The Supreme Court on Thursday granted anticipatory bail to former Punjab Director General of Police Sumedh Singh Saini in connection with a 1991 case of kidnapping and murder, rejecting objections by the Punjab government.
A bench of Justices Ashok Bhushan, R Subhash Reddy and M R Shah directed that in case of arrest, “he shall be released on bail on furnishing personal bond of Rs 1,00,000 and two sureties of the like amount, and to surrender the passport and cooperate with the investigation”.
The court noted that a petition filed by Saini seeking quashing of the FIR is pending before it, and that a case of anticipatory bail was made given that the FIR was lodged after nearly 29 years from the date of the alleged incident.
The court said, “…considering the fact that the impugned FIR has been lodged/filed by the brother of the deceased after a period of almost 29 years from the date of incident and after a period of 9 years from the date of decision of this court in the case of Davinder Pal Singh Bhullar…and nothing is on record that in between he had taken any steps to initiate criminal proceedings and/or lodged an FIR, we are of the opinion that at least a case is made out by the appellant for grant of anticipatory bail under Section 438, CrPC.”
It added that “many a time, delay may not be fatal to the criminal proceedings. However, it always depends upon the facts and circumstances of each case. However, at the same time, a long delay like 29 years…can certainly be a valid consideration for grant of anticipatory bail.”
The case relates to the disappearance of a junior engineer, Balwant Singh Multani, in 1991. While the police said he had escaped from custody, the family disputed this.
It was alleged that Multani was abducted from his residence in Mohali, Punjab, by a team of officers allegedly operating under the instructions of Saini and tortured while in custody. “It is further alleged that a false and fabricated FIR…might have been registered at the instance of the appellant to suggest that the victim was brought to the police station, from where the victim was alleged to have escaped,” according to the FIR.
Multani’s brother lodged the FIR in May this year, in which Saini was given anticipatory bail by the Additional Sessions Judge (ASJ), Mohali. Charge under Section 302 was added to the FIR subsequently on the basis of statements of two accused who had turned approver.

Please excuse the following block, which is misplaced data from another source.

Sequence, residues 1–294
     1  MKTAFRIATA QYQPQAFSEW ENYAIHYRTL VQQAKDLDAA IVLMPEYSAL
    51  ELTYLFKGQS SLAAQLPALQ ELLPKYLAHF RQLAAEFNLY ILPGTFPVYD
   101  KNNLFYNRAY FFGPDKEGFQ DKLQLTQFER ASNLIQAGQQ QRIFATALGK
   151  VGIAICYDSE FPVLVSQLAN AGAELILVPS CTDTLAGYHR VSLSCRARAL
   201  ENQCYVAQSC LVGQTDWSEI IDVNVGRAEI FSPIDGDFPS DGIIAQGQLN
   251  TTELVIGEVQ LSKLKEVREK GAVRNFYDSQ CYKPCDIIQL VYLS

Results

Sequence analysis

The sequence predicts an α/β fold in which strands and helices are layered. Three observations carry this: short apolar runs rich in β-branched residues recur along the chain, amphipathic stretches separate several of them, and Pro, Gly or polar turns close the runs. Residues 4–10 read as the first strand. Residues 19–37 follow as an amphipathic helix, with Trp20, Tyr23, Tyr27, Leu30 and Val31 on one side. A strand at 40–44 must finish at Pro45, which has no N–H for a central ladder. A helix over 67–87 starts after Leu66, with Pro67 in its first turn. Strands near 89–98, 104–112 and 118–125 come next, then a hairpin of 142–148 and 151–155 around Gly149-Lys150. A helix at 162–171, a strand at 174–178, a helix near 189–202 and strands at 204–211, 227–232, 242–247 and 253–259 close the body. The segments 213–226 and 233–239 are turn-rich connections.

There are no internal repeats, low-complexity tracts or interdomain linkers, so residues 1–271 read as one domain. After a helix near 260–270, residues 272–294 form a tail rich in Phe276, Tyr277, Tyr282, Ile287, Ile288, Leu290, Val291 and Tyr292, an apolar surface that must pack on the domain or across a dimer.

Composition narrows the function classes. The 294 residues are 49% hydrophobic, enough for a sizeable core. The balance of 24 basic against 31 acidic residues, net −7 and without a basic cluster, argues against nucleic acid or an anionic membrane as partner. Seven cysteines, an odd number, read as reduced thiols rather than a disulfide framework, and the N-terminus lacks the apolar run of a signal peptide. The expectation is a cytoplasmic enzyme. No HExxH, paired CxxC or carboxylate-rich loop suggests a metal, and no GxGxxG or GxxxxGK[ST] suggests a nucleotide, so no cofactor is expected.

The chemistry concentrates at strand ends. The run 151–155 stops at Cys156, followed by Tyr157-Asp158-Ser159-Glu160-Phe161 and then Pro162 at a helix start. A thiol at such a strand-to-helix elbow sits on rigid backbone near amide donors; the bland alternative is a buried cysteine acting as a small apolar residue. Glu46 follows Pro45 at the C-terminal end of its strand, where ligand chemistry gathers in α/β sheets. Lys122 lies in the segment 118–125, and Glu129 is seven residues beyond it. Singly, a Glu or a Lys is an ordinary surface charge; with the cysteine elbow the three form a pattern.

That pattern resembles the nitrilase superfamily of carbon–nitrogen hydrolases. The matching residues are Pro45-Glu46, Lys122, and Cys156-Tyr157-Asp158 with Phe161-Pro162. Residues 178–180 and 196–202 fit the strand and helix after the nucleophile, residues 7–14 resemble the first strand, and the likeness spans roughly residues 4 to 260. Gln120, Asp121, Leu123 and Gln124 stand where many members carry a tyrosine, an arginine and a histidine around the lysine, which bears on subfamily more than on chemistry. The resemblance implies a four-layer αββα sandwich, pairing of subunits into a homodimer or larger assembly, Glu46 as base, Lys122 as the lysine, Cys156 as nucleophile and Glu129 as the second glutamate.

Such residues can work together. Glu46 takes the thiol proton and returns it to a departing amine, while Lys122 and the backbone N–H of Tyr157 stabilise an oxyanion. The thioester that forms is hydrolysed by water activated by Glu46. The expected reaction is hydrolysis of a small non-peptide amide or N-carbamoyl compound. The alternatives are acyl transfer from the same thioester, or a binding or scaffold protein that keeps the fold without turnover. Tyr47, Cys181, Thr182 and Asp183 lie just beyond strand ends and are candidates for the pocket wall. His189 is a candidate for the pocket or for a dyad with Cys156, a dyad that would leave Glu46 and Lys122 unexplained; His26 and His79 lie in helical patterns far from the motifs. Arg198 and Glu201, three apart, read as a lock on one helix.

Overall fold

Saini again sought anticipatory bail, which was rejected by the ASJ, and subsequently by Punjab and Haryana High Court, following which he approached the SC.
In SC, Saini contended that the FIR is “filed with a malafide intention to harass” him “at the instance of the present party in power in the State”.
Opposing this, it was submitted that the brother had initiated the proceedings relying on liberty granted by the court to Multani’s father in the 2011 Bhullar case — Bhullar was sentenced to death over the assassination attempt on the then All India Youth Congress President M S Bitta — “to take recourse to further proceedings if permissible in law”.
However, the bench pointed out that in the Bhullar case, “this court reserved the liberty in favour of the father of the deceased to take recourse to fresh proceedings by specifically observing that if permissible in law. It is reported that the father of the deceased died in 2014”.
Till 2014, the court said, the father did not initiate any fresh proceedings, and “after nine years from the date of decision of this court in the case of Davinder Pal Singh Bhullar…all of a sudden, now the informant – brother of the deceased – has woken up and has initiated the present criminal proceedings. Whether the fresh/present proceedings are permissible in law are yet to be considered by this Court in the pending proceedings for quashing the impugned FIR.”
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